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Challenges and solutions in sustainable construction – our new headquarters

Challenges and solutions in sustainable construction – our new headquarters
Ebba Lepage - Head of Corporate Sustainability

Ebba Lepage

Head of Corporate Sustainability

Our colleagues all under one roof

As the construction of Lombard Odier’s new global headquarters steadily progresses floor by floor, we recognise the importance of sustainable construction. Construction and the wider built environment accounts for around 40% of global greenhouse gas emissions and is a sector where much improvement can be made1. The amount of waste generated by construction and demolition amounts to 60% of the overall total - 850 million tonnes2.

Throughout the process, we have encountered the sustainability challenges that construction entails. And, luckily, the often-surprising solutions. Our future headquarters aim to embody the highest sustainability standards via three sustainable construction certifications - SNBS (Standard Nachhaltiges Bauen Schweiz), Minergie-P and BREEAM®. These measure the environmental, social and economic sustainability performances of buildings, including climate resilience.

 

The challenges of sustainable construction

Construction and demolition waste materials in Switzerland and the rest of EU have high recovery rate of up to 70%3 (they are reintroduced in large quantities into the economy). But this recovery rate is mainly based on backfilling operations - such as reusing soil that is removed during the excavation - and low-grade recovery which excludes many materials. For instance, the overall share of recycled concrete in Swiss and EU construction is less than 20%4

…the overall share of recycled concrete in Swiss and EU construction is less than 20%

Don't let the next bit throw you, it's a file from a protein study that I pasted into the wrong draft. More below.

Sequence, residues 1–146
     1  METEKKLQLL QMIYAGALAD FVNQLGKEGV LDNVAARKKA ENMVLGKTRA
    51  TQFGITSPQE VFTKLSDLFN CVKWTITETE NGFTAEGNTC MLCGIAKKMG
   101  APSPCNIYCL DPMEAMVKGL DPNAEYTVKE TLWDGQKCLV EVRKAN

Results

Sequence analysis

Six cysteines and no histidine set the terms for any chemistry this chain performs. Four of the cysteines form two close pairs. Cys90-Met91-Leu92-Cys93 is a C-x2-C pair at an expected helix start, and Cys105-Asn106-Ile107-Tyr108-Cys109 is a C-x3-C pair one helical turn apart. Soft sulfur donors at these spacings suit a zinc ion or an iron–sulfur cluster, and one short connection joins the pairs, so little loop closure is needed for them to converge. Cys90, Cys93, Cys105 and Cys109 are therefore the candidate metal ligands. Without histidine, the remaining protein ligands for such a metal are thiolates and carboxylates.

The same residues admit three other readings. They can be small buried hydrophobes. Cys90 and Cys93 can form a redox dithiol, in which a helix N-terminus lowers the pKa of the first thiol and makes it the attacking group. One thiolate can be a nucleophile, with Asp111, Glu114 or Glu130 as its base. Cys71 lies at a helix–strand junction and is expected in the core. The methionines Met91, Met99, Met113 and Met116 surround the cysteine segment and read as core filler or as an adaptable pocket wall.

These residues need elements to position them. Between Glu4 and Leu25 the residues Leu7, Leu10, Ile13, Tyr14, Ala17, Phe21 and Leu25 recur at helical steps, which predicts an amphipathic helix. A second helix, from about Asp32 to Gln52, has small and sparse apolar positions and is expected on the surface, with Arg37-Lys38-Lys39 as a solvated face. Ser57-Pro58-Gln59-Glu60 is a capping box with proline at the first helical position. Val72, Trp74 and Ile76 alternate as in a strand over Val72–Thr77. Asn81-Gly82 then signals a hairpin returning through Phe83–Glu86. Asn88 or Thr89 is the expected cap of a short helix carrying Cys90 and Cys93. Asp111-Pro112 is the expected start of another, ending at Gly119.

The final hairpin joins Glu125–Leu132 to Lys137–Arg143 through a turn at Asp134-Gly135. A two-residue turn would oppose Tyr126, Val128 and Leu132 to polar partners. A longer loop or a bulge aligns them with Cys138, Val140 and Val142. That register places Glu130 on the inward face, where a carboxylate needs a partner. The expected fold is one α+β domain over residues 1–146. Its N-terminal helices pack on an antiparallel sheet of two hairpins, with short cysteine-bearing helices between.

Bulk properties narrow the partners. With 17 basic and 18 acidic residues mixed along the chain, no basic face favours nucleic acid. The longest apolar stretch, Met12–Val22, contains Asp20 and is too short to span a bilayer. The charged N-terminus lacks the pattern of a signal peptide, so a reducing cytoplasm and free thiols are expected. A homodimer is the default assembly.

Despite our best efforts to use recycled materials in the structure of our new building, the geological composition of the soil is making the reuse of materials less well suited for our project and prevents us from reusing excavation materials. Also, the volumes of recycled concrete required would not be available through suppliers nearby and long transportation routes would counteract the positive impact we wish to achieve.

Read also: Lombard Odier lays the foundation stone of its future global headquarters in Bellevue

Creating sustainable headquarters

The materials used in the building are strictly controlled to ensure an optimal indoor air quality. We must detail the components of all materials, such as paint, glue and textiles to ensure no harmful ingredients can affect the air we breathe. It is not easy to ensure a 100% supply of certified materials and components as the supply chains are long and not always easy to control. While this is an area in the construction industry where much work can be done, we have seen how some suppliers have stepped up and paid for product certifications as a result of our strict demands on sustainability. They realise that such product certifications will be useful with many more customers other than Lombard Odier. Improving your supply chain is part of a responsible construction.

We will also install solar panels and a green roof covering 80% of the roof surface

Another challenging area but one where our actions have a direct, positive impact is energy, our second largest source of GHG emissions at Group level. A sustainable building is efficient in terms of maintenance and allows for many solutions to reduce energy use through heat recovery, motion sensitive light and other automation features. We will also install solar panels and a green roof. The green roof, covering 80% of total roof surface, allows for cooling the air underneath the panels as well as helping remove atmospheric pollutants, reducing the need for maintenance of the panels. We do not yet know where future developments might take us. Will we be able to produce so much own energy that we will get close to self-sufficiency in a few years?